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Sam Reveles, Seedbed

CRG Gallery
548 West 22nd Street, 212-229-2766
January 5 - February 9, 2008
Reception: Saturday, January 5, 6 - 8 PM
Web Site

In a new body of work by Sam Reveles there emerges from the tilled backgrounds of his paintings and works on paper a gestural conjuring that fosters something not unlike the natural imperative of a biological organism hoping to expand and thrive through cycled replication and explosive movement.

The delicate and meditative groundwork that Reveles lays down on the surface is comprised of carefully tended concentric or radiating outlines that have their origins in various forms taken from nature; the shadow of a twig or the silhouette of a small woodland creature. These patterns, culled from moments or objects that Reveles has collected over time, are a means of organizing the vast and infinite space of the canvas and paper, a way of aerating it for the gestural mark to take root. What becomes something like an organic matrix, like the plowed lines of topsoil across fertile farmland, is the constrained foundation or cultivated seedbed made ready for the outgrowth of what Reveles knows best.

The subject of man’s relationship with nature is at the heart of this body of work. The ongoing struggle to survive off the land with a varied relationship to the landscape made tenable through agriculture is a subject that Reveles knows something about, having grown up in El Paso, Texas. The land surrounding the Rio Grande Valley holds a particular significance in this regard; an arid place that without irrigation would never sustain a crop to harvest; something the indigenous peoples, with which Reveles shares his ancestry, had been doing in the region for many centuries before the first Spanish missionary had set foot there.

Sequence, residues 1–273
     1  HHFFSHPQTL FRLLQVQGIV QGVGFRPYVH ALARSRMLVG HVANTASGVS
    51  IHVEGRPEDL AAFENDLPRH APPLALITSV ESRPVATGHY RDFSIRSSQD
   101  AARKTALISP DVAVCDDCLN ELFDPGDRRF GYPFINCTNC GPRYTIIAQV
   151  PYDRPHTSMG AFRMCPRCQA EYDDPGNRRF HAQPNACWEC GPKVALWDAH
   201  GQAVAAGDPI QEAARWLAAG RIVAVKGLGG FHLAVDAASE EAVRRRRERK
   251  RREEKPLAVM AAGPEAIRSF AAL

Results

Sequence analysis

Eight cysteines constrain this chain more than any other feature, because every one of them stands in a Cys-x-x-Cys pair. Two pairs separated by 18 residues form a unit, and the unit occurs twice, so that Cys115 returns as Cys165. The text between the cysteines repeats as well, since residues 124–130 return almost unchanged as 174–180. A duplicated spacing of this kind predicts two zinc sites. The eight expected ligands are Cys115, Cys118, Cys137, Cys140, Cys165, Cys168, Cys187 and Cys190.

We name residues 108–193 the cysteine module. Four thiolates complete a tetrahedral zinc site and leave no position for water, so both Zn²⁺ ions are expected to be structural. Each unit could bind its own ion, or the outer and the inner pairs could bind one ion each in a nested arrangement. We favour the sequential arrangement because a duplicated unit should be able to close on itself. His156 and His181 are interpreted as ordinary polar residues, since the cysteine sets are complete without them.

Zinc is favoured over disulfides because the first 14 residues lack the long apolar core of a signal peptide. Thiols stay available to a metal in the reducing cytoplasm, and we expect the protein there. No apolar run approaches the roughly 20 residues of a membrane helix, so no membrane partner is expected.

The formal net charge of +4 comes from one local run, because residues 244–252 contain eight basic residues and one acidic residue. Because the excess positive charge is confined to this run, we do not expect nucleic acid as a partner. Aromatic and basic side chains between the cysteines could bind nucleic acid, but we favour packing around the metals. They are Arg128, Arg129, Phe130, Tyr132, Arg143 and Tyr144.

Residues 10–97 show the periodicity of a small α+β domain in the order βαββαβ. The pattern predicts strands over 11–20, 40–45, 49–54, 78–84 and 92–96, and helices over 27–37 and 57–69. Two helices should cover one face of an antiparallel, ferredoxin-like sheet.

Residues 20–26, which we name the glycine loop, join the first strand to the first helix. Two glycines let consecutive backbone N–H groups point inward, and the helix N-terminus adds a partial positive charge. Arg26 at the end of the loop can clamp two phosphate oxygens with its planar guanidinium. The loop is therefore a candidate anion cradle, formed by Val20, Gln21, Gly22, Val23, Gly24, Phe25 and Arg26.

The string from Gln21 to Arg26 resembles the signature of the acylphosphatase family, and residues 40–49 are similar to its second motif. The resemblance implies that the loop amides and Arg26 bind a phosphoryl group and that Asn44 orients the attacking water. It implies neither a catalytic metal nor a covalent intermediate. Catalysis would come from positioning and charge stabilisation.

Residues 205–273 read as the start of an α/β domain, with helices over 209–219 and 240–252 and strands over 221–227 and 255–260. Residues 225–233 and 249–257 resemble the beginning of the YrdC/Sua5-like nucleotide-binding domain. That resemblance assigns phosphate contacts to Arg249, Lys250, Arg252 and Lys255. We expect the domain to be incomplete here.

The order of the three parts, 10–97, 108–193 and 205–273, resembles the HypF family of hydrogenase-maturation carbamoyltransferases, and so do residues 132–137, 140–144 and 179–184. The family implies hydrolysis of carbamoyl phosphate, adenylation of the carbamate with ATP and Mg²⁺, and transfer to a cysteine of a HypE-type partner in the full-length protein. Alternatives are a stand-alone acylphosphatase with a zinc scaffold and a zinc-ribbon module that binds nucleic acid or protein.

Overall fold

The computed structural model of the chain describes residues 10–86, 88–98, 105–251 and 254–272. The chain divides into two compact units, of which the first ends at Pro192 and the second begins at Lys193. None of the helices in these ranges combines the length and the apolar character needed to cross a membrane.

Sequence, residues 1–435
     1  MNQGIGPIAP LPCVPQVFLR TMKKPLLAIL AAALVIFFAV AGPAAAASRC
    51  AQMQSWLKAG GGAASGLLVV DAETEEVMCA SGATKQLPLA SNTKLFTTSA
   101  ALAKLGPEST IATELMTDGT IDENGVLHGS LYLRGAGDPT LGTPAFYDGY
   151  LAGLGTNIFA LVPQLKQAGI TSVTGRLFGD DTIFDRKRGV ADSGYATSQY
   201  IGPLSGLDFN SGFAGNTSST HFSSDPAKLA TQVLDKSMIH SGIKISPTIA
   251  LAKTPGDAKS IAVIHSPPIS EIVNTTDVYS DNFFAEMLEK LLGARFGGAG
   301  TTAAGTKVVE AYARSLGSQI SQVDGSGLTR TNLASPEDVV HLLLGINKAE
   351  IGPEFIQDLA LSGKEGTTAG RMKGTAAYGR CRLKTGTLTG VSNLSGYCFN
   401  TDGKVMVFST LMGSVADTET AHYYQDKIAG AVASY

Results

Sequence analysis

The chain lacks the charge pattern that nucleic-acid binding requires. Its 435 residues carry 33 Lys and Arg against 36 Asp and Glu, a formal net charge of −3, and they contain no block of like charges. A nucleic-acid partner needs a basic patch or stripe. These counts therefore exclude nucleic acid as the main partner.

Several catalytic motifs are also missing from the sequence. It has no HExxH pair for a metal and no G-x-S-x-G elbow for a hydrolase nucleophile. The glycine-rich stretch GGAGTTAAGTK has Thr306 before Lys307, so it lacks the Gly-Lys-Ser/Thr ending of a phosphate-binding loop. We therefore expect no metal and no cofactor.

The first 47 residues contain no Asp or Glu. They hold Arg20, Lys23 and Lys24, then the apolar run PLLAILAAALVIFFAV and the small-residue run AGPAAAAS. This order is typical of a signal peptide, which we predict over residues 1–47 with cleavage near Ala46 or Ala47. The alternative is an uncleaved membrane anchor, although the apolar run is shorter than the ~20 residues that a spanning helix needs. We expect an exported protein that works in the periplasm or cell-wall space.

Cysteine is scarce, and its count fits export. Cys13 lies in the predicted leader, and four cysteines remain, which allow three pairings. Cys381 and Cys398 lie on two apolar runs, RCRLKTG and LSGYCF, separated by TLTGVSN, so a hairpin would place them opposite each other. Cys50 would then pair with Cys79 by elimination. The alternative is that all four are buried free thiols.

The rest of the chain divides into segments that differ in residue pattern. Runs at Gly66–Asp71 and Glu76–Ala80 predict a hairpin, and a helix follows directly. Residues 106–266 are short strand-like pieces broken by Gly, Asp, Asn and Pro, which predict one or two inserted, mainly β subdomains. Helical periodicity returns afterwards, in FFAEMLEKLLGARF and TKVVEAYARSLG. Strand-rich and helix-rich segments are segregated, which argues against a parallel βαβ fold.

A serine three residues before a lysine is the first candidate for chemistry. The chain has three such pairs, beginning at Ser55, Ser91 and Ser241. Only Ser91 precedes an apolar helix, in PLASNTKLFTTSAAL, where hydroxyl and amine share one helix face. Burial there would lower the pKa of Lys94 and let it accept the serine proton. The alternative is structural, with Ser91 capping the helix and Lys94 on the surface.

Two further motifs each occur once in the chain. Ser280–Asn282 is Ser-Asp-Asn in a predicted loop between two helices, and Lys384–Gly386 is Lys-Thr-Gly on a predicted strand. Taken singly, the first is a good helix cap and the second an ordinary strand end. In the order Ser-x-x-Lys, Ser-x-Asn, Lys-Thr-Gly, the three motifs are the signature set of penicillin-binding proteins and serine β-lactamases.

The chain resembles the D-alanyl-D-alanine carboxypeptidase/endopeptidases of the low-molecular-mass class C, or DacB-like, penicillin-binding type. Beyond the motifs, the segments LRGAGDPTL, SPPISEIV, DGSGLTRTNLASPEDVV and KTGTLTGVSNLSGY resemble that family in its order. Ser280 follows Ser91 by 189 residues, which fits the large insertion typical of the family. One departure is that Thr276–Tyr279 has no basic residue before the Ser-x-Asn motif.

Like the artist in the arena of the formal tradition, so too the lone farmer in the field must find a working harmony between himself and the field. Such a delicate balance is this, that so easily it can be tipped in either direction; the fragile seedlings of the artist’s motive overtaken by the weight of their medium or the once arable soil of the open plane overworked until depletion. Reveles sees that balance as integral to his process; that the force of his imposition on the painted image is always met with an equal force that resists it and it is from this energy and dialogue that comes the evidenced beauty of the artist’s desire to understand his own place in the landscape.
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